I’ve learned how much the Advent season holds, how it breaks into our lives with images of light and dark, first and last things, watchfulness and longing…. —Kathleen Norris
The season of Advent begins this coming Sunday (November 30). This marks the start of a new “Christian year” in the liturgical calendar, which is observed by many churches in a tradition going back more than a thousand years. Advent invites us to prepare spiritually for Christmas, both the festive day of December 25 and the other eleven “days of Christmas” that follow. These weeks through January 6 intensively draw our attention to the incarnation of God—Jesus’ entry into human history and his return at the end of time. Deep and powerful mysteries!
The spiritual writer Kathleen Norris suggests three themes that can enrich our lives during Advent. Perhaps these can guide some of your reflections over these next weeks, even as you finish up your semester and enter into holiday activities.
Light & Dark
The days grow shorter and the darkness lengthens as we approach the end of December and the “dead of winter.” How does the darkness affect you? Are you subject to Seasonal Affective Disorder? Are you prone to loneliness or depression or temptation during the holidays? Do the events in the news—Ferguson, Ebola, ISIS—cast shadows over your heart? In ways like these, we feel the brokenness and darkness of our world or our lives. Like the prophets of old, we may inwardly lament: “How long, Lord, will things be so messed up? Why don’t you do something?”
But Advent leads us to the Light of Christ. That’s why, for example, we have Advent wreaths. Four candles are set equidistant in a circle of greens with a fifth candle placed in the middle. On this first Sunday, one candle is lit, on the second Sunday, two candles, and so on. On Christmas, we light the Christ candle in the middle. Why not craft a simple Advent wreath for yourself this week. You could light the candles as part of your devotional times. By this symbolic accumulation of brightness against the increasing darkness, you rehearse the good news of what God, in fact, has done about our messed up world: The light shines in the darkness, but the darkness did not overcome it.” (John 1:5)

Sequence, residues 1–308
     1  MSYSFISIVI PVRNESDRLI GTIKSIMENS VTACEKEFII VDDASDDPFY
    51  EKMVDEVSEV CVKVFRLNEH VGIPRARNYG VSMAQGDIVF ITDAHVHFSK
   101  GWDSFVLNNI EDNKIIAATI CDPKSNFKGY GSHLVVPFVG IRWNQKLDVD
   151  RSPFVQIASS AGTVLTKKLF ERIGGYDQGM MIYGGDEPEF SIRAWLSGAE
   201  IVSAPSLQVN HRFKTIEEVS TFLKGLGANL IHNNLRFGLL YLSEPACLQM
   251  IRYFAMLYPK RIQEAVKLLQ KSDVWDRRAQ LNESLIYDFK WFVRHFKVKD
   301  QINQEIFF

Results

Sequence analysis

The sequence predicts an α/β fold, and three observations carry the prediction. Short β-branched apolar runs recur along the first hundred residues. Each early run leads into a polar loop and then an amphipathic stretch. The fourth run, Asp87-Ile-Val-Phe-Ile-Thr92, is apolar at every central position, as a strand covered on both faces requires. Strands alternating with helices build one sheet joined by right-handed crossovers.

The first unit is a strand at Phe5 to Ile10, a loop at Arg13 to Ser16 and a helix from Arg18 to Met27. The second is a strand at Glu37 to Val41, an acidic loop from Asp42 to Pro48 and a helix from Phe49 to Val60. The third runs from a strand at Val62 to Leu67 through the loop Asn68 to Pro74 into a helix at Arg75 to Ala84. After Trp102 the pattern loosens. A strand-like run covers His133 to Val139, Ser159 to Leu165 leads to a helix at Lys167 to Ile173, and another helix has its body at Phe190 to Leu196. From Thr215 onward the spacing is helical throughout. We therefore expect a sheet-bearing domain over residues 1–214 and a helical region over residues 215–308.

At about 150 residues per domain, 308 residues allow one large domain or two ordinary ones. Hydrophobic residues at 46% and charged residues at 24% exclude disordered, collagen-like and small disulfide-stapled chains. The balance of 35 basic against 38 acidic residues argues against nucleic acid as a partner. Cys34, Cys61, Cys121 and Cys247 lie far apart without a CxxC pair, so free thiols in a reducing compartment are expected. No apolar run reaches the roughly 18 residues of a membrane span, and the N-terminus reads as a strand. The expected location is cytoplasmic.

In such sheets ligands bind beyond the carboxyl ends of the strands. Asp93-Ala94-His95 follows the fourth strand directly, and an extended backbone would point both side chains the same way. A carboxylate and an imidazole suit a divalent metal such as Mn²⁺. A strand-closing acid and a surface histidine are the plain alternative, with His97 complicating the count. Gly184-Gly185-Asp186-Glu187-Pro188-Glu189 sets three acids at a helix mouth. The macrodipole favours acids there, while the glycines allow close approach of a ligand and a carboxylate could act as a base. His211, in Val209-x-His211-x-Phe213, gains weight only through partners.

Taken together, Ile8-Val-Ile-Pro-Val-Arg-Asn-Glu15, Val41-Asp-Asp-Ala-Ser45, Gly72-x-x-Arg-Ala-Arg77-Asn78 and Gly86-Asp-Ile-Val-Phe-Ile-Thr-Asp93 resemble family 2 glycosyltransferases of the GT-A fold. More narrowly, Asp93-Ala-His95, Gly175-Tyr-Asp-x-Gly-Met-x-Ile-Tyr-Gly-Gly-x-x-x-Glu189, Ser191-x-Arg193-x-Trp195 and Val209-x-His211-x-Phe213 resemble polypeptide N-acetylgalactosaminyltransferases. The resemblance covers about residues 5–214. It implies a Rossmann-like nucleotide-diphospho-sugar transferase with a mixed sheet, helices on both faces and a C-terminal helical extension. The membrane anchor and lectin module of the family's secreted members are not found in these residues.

First & Last Things
From as far back as we have record, people in Northern Europe decorated their dwellings at midwinter with evergreens such as holly, ivy and laurel. Christians appropriated these practices in light of their faith. So now we set up Christmas trees with their bright adornments as symbols of life and signs of hope. And these trees recall for us the first Tree of Life in the Garden of Eden. We might find ourselves thinking in these days about God’s original purpose for creation and humanity, and how far we have fallen.
But Advent also points us toward “last things” including the promise of a New Creation. As Paul intriguingly puts it: “The creation waits with eager longing for the revealing of the children of God; for the creation was subjected to futility, not of its own will but by the will of the one who subjected it, in hope that the creation itself will be set free from its bondage to decay and will obtain the freedom of the glory of the children of God.” (Rom 8: 19-21) Because the Creator entered his own creation in the birth of Jesus, not only will we as human beings gain eternal life in new bodies, in the End, the entire cosmos will be redeemed and remade!
Watchfulness & Longing
So here is the beauty of Advent: if you long for more light in the world and in your life, watch for Jesus—the Jesus who entered history in a Bethlehem barn two-thousand years ago, the Jesus who will come suddenly one day to bring history to a fearsome yet glorious end, the Jesus who wants to enter anew into your own life if you will only set aside times to be quiet and attentive, cracking the door of your heart to the Light. May you see him over these weeks and be filled with joy and hope.
For more on Advent check out Advent Can Make You More Alert to God